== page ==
Judith van der Merwe of the Algiers-based African Centre for the Study and Research on Terrorism has revealed that Somali pirates have got hold of mines and shoulder held missile launchers from the troubled State of Libya thousands of miles away from Somalia, and are likely to use them against commercial shipping.
“We found that Libyan weapons are being sold in what is the world’s biggest black market for illegal gun smugglers, and Somali pirates are among those buying from sellers in Sierra Leone, Liberia and other countries,” she said. “We believe our information is credible and know that some of the pirates have acquired ship mines, as well as Stinger and other shoulder-held missile launchers,” Van der Merwe told Reuters at an Indian Ocean naval conference.
There has been no independent confirmation of this development; Singapore's Rear Admiral Harris Chan, s former commander of naval Task Force 151 in the Gulf of Aden, has said that there is no evidence that Somali pirates have access to sophisticated weapons beyond AK47s and RPGs 'at this stage'. Experts say that it is possible that pirates are trying to build up an arsenal for use against EU sea and air forces in the area as the EU takes the battle against the pirates on land. Yesterday's reports of unidentified aircraft attacking pirate bases in Somalia indicate that the battle there may well be escalating.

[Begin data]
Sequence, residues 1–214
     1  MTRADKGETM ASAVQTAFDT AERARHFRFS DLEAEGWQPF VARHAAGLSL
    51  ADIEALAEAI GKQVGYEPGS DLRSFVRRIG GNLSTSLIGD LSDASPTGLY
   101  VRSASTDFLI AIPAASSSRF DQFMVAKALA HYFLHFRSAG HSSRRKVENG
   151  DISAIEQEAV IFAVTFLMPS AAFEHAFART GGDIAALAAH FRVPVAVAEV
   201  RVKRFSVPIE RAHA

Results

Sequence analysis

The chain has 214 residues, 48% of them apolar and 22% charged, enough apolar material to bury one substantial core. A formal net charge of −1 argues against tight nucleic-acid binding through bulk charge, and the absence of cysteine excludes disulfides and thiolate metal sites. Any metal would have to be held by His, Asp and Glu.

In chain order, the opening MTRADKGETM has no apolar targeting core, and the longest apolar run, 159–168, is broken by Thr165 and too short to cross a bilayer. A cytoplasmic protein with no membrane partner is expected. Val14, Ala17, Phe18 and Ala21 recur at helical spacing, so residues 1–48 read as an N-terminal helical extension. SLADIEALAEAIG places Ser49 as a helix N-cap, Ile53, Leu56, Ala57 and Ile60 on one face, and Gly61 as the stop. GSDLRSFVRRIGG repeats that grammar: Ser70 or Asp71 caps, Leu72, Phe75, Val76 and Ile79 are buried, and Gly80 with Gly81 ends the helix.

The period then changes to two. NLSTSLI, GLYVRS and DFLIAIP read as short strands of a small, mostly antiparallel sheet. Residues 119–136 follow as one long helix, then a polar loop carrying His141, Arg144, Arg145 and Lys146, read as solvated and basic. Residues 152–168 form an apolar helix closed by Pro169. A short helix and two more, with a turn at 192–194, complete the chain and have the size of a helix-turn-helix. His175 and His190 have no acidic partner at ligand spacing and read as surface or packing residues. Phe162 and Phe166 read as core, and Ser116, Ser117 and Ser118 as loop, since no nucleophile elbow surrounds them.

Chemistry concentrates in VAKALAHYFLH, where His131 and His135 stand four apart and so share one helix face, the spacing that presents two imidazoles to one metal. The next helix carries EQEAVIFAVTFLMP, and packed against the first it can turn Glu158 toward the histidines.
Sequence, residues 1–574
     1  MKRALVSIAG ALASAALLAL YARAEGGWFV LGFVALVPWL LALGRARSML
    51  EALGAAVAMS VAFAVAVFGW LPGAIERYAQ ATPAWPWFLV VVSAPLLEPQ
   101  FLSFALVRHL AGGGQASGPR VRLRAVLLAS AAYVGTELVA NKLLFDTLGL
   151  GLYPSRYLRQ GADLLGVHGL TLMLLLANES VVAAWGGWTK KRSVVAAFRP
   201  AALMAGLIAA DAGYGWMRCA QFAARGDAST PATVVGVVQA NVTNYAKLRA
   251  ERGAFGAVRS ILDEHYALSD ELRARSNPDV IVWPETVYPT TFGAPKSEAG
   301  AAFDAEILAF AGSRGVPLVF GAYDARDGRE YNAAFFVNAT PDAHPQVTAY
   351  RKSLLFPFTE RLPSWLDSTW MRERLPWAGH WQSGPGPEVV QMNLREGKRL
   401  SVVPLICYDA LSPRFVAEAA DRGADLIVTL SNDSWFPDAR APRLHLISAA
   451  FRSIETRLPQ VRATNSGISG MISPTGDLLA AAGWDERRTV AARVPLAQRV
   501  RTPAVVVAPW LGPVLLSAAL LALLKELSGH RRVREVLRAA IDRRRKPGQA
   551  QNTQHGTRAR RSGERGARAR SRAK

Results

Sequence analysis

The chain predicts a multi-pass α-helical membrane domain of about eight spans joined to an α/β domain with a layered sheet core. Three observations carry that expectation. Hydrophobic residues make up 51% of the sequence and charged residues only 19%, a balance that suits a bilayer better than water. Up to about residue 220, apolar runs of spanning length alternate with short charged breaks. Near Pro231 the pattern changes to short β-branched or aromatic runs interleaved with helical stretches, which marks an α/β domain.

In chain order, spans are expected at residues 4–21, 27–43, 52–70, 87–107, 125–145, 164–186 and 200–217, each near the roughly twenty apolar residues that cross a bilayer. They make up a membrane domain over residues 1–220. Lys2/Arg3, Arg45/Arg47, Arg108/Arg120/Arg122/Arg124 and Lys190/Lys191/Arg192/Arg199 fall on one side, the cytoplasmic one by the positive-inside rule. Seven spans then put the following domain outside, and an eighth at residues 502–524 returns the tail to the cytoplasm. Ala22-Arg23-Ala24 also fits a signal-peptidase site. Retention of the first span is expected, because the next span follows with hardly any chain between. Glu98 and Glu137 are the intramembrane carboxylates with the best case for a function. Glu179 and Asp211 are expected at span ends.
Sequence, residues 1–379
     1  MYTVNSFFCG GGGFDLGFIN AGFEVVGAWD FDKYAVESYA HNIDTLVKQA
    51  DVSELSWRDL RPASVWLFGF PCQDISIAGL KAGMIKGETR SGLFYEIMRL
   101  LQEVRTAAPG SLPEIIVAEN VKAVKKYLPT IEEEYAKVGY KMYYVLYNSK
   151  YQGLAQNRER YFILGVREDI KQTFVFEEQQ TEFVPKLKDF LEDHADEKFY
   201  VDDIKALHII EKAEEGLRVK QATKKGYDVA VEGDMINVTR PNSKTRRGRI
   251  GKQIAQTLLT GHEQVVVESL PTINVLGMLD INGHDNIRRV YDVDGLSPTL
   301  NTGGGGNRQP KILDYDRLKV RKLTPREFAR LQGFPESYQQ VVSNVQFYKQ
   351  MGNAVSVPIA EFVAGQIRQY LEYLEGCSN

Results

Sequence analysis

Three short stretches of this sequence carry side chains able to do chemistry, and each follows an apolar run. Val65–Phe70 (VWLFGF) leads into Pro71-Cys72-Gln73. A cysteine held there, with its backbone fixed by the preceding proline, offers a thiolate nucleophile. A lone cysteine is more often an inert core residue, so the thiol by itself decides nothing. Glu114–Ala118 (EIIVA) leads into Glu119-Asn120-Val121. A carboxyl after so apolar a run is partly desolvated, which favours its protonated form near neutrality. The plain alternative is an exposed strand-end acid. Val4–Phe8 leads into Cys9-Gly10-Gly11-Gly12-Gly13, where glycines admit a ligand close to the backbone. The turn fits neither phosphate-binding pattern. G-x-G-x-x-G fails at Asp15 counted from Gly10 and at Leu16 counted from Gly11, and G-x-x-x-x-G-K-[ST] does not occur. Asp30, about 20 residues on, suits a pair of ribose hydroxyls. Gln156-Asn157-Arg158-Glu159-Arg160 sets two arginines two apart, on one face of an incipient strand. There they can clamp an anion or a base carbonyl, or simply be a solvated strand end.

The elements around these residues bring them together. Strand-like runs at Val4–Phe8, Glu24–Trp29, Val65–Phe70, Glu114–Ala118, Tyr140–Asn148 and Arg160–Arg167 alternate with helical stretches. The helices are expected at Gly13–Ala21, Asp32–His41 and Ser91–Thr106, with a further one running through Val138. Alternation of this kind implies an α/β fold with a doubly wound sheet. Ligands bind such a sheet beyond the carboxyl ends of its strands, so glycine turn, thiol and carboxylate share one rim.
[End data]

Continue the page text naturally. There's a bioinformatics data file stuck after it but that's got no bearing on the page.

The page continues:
Van der Merwe says that the information on mines and SAMs was obtained from interviews with gun smugglers, pirates and other sources. “What we are seeing is a decrease in the number of successful attacks, but an increase in the ransom amounts paid out, and the fear is that better armed pirates could risk more or pose a greater challenge when facing capture,” she said.